ERIC Number: EJ830753
Record Type: Journal
Publication Date: 2009-Apr
Abstractor: As Provided
Reference Count: 0
Cognitive and Social Help Giving in Online Teaching: An Exploratory Study
Whipp, Joan L.; Lorentz, R. A.
Educational Technology Research and Development, v57 n2 p169-192 Apr 2009
While literature suggests that college students may be less reluctant to seek help in online rather than traditional courses, little is known about how online instructors give help in ways that lead to increased student help seeking and academic success. In this study, we used theories and research on learning assistance and scaffolding, teacher immediacy, social presence, and academic help seeking to explore through a cross-case study design how three online instructors differed in their use of cognitive and social supports and how those differences related to student perceptions of support, help seeking, and performance. Primary data sources included all course postings by the instructors, interviews with the instructors, observational field notes on course discussions, student interviews, and final student grades. Archived course documents and student discussion postings were secondary data sources. Data analysis revealed that while all instructors provided cognitive and social support, they varied in their level of questioning, use of direct instruction, support for task structuring, and attention to group dynamics. This variation in teaching presence related to differences across the courses in student perceptions of support, student help seeking in course discussions, and final course grades. Implications for online teaching and suggestions for further research are offered.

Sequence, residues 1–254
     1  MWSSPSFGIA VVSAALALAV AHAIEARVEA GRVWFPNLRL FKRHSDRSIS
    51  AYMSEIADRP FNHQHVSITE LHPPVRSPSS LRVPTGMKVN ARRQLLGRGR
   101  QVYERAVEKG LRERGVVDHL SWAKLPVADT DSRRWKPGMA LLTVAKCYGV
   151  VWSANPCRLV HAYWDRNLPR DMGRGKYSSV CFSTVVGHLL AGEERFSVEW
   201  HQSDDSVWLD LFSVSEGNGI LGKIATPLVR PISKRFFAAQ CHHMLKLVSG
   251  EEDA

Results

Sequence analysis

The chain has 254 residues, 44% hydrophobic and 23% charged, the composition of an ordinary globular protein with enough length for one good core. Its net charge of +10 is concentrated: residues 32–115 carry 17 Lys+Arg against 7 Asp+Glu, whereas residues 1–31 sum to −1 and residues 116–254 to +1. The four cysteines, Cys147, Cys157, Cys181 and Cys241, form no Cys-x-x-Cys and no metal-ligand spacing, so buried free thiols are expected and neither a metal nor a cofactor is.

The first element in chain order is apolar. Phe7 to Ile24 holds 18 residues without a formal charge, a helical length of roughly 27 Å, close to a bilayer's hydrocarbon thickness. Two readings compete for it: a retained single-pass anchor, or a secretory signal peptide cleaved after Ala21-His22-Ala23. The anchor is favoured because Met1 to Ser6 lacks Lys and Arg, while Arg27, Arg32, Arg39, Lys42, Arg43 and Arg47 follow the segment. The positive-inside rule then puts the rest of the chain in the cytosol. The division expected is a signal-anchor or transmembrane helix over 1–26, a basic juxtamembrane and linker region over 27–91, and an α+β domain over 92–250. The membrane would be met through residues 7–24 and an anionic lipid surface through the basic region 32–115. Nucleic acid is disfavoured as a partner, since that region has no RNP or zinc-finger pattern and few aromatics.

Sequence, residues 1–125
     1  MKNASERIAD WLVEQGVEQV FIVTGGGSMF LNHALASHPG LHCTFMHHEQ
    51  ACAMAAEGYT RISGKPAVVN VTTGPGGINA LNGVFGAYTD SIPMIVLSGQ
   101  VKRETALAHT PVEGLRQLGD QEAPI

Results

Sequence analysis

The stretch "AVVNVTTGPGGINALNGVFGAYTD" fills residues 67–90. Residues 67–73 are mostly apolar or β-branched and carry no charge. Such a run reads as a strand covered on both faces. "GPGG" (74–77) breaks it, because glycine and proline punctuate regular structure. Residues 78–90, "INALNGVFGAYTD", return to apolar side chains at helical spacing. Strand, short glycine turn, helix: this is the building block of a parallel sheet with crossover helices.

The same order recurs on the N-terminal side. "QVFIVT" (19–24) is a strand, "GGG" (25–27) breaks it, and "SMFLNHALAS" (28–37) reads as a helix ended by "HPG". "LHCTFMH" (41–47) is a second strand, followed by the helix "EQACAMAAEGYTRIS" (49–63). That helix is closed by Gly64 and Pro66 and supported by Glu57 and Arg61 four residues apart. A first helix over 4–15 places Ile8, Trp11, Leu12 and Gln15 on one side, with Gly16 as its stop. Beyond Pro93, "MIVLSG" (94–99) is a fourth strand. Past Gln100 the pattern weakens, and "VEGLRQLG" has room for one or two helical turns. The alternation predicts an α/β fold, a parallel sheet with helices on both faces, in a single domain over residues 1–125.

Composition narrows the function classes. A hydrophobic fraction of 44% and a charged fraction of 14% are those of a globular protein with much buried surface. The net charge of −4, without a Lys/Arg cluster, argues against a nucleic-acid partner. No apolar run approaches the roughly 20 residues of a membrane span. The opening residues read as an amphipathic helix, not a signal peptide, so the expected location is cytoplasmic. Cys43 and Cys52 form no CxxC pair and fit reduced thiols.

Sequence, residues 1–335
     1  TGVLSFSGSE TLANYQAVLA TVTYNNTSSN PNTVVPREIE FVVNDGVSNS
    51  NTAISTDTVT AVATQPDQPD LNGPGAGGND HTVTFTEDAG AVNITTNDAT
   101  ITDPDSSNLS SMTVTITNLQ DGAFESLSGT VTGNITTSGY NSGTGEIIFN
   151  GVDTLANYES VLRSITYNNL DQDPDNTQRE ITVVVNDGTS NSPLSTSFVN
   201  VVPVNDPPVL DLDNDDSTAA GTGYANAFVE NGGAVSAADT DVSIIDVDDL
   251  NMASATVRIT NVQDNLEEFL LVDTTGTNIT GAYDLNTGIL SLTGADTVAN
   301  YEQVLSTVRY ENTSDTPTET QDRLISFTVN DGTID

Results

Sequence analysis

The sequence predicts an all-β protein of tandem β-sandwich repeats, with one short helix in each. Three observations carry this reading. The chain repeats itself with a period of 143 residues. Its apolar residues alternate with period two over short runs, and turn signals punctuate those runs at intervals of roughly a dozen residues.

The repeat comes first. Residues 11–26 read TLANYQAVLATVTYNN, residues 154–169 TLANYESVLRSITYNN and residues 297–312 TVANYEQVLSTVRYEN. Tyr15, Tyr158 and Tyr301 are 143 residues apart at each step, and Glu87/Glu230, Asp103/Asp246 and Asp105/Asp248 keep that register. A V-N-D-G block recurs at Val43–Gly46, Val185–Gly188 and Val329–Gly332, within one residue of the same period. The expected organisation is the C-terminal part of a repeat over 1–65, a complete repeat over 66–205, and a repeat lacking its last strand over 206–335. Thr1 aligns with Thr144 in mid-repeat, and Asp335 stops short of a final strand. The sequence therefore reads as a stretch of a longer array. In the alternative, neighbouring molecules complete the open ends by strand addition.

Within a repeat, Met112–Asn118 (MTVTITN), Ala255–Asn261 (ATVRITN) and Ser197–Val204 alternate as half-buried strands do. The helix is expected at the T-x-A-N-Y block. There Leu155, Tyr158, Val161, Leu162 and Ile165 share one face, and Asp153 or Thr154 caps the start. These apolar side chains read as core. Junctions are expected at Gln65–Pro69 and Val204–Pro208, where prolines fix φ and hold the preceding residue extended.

Descriptors: Help Seeking, Online Courses, Helping Relationship, Group Dynamics, Data Analysis, College Students, Case Studies, College Faculty, Teaching Styles, Student Attitudes, Instructional Effectiveness, Teacher Effectiveness, Teacher Student Relationship, Student Needs, Web Based Instruction, Electronic Learning, Educational Technology, Computer Assisted Instruction, Computer Mediated Communication, Virtual Classrooms, Correlation, Scaffolding (Teaching Technique)
Springer. 233 Spring Street, New York, NY 10013. Tel: 800-777-4643; Tel: 212-460-1500; Fax: 212-348-4505; e-mail: email@example.com; Web site: http://www.springerlink.com
Publication Type: Journal Articles; Reports - Research
Education Level: Higher Education; Postsecondary Education
Authoring Institution: N/A